Debitoor Dictionary

Accounting terms explained in a simple way

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EBIT – What is EBIT?

EBIT is a widely used acronym in accounting that stands for: ‘Earnings Before Interest and Tax’

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Essentially, EBIT is the earnings of a business before interest and tax. It is therefore also referred to as ‘operating profit’. The result of the EBIT is an important figure for businesses because it provides a clear idea of the earning ability.

A company’s EBIT removes the expenses encountered in tax and interest in order to provide a base number for the earnings.

Why EBIT is relevant

For businesses looking to attract investors or potential buyers, the EBIT can provide an indication of the company’s earning potential; a crucial figure for understanding the value that shares in that business provide at a maximum level of performance.

How to determine your EBIT

There are two different formulas for calculating EBIT. They are: Revenue - Operating expenses or Net income + Interest + Tax

When producing your month end accounts part of the package of reports you will produce will be your Profit and Loss statement, also referred to as your income statement.

This lists your Revenue or Sales, then your cost of sales, so any items which have been brought in by the company to sell on or assist in the manufacture of your product in order to sell on to your customers. Your revenue less your cost of sales will give you your gross profit.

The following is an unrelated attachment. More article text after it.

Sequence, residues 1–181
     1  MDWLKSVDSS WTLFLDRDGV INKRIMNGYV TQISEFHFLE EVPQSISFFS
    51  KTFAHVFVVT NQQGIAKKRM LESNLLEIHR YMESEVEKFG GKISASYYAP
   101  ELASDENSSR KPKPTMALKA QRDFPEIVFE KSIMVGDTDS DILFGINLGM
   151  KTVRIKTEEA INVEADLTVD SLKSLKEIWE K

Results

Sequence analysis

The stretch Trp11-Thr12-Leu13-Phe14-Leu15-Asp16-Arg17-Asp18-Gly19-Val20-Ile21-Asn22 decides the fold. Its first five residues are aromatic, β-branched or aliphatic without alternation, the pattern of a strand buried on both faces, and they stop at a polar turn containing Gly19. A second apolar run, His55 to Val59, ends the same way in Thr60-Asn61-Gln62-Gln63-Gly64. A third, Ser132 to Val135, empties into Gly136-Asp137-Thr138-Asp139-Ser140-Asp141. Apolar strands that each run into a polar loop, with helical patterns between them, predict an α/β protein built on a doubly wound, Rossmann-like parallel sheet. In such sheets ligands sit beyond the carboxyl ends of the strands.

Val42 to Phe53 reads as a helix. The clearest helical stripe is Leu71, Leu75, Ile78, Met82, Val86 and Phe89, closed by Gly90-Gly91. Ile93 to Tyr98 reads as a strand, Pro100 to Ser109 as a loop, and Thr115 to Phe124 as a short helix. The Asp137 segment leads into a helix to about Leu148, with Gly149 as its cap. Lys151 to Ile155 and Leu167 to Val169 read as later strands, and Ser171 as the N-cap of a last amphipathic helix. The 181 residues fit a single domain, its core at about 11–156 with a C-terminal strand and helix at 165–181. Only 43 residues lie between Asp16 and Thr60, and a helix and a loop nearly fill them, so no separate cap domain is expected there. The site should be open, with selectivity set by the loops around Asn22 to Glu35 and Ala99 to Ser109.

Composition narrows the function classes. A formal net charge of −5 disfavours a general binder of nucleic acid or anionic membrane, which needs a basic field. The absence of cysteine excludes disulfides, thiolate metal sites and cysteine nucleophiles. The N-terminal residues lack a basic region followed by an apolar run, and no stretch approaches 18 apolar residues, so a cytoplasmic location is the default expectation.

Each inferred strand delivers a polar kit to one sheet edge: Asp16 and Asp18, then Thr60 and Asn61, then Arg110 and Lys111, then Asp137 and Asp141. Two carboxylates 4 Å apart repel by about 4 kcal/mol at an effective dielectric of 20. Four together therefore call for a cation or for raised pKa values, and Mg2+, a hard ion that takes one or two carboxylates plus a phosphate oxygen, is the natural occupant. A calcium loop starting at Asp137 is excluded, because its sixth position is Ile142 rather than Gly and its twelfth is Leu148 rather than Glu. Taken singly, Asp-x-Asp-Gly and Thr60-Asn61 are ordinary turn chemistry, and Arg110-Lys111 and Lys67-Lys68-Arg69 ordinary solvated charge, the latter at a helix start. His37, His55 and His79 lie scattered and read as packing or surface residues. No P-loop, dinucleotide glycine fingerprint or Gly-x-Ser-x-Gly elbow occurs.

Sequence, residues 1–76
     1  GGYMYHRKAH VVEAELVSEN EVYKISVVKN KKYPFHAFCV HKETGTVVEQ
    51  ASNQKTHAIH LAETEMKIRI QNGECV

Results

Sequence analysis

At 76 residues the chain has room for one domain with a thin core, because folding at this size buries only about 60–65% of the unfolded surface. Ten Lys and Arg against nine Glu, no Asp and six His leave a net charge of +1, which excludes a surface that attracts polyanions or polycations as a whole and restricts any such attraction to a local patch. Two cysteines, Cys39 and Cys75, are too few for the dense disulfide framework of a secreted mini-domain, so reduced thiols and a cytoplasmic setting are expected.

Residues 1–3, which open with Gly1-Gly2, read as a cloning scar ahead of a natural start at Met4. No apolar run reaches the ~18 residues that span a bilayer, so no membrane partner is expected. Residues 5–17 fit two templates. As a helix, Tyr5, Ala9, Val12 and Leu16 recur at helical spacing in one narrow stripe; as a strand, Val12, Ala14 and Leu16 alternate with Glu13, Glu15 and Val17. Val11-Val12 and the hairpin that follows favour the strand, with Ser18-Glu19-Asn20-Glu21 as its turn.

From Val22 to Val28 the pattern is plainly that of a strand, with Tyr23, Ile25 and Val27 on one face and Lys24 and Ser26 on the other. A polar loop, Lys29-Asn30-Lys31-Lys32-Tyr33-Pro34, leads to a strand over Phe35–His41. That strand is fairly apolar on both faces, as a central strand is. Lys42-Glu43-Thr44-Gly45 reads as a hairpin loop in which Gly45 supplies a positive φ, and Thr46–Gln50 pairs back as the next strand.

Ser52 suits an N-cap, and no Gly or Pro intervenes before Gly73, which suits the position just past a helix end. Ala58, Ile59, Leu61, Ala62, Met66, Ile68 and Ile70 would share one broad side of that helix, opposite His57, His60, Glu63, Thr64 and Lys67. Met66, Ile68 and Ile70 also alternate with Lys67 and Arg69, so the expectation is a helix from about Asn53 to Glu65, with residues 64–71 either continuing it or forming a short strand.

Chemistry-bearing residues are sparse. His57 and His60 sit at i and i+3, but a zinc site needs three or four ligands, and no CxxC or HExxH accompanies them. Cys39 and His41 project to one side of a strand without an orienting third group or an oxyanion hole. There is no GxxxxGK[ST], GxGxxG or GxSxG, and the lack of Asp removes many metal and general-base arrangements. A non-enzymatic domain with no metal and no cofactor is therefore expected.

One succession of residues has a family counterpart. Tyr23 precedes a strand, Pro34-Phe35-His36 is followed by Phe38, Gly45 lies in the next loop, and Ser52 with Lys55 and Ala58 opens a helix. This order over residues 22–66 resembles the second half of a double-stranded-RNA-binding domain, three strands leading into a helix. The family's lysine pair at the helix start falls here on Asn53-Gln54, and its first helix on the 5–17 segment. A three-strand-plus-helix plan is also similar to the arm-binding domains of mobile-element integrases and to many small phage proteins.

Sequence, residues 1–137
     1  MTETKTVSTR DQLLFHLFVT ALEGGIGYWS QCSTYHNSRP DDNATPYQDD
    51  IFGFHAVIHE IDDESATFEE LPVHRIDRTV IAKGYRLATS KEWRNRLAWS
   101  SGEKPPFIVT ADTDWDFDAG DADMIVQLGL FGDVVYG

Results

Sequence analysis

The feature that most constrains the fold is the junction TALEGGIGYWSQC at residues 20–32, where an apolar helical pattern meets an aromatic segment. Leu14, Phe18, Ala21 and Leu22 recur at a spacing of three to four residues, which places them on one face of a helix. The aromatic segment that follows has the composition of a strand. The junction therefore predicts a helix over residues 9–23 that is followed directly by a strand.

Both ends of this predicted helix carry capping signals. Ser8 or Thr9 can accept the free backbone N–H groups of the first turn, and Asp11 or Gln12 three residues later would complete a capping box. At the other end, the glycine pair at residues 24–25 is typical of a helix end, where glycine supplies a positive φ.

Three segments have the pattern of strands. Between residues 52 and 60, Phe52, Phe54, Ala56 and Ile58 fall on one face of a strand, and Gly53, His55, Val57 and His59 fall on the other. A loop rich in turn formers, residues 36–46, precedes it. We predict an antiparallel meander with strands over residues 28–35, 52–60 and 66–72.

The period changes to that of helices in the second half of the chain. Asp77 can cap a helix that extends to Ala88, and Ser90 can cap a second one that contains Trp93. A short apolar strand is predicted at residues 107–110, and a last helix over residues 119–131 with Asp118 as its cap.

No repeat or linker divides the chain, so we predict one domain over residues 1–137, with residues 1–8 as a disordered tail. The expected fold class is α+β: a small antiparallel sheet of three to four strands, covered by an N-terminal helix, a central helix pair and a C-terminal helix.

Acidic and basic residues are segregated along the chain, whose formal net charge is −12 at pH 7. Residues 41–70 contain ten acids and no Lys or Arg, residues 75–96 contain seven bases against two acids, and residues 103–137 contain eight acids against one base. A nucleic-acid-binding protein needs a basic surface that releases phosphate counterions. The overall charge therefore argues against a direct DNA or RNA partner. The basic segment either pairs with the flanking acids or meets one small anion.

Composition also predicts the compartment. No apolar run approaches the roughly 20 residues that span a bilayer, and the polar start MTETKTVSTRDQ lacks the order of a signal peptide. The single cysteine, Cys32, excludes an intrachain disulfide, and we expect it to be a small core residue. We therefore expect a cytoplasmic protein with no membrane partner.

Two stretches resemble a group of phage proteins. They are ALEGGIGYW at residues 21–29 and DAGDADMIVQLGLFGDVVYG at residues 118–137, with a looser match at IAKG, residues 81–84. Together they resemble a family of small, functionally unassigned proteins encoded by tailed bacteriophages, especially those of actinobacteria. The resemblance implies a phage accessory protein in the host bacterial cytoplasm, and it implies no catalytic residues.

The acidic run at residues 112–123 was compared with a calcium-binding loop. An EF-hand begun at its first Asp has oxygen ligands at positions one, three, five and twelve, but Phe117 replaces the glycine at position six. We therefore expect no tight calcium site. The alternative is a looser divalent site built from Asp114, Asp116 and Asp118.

You would then list what is referred to as your indirect costs and your overheads. These would normally encompass the marketing costs, any samples of your products you may have given to customers and any wages you would have paid out to your workforce if you have manufactured your product.

Your overheads consist of salaries, rent, utilities and running costs of your staff and your office. These two categories would normally be totaled together. Your gross profit would then be deducted from this total to give you your operating profit or EBIT (earnings before interest and tax).

EBIT and Debitoor

Accounting and invoicing software like Debitoor gives you the tools to manage your invoicing, record payments for products or services, and register expenses and stay organised easily with automatic bank reconciliation.

Accounting software provides you with a constant overview of your business, allowing you to quickly access the figures you need to determine your company’s EBIT.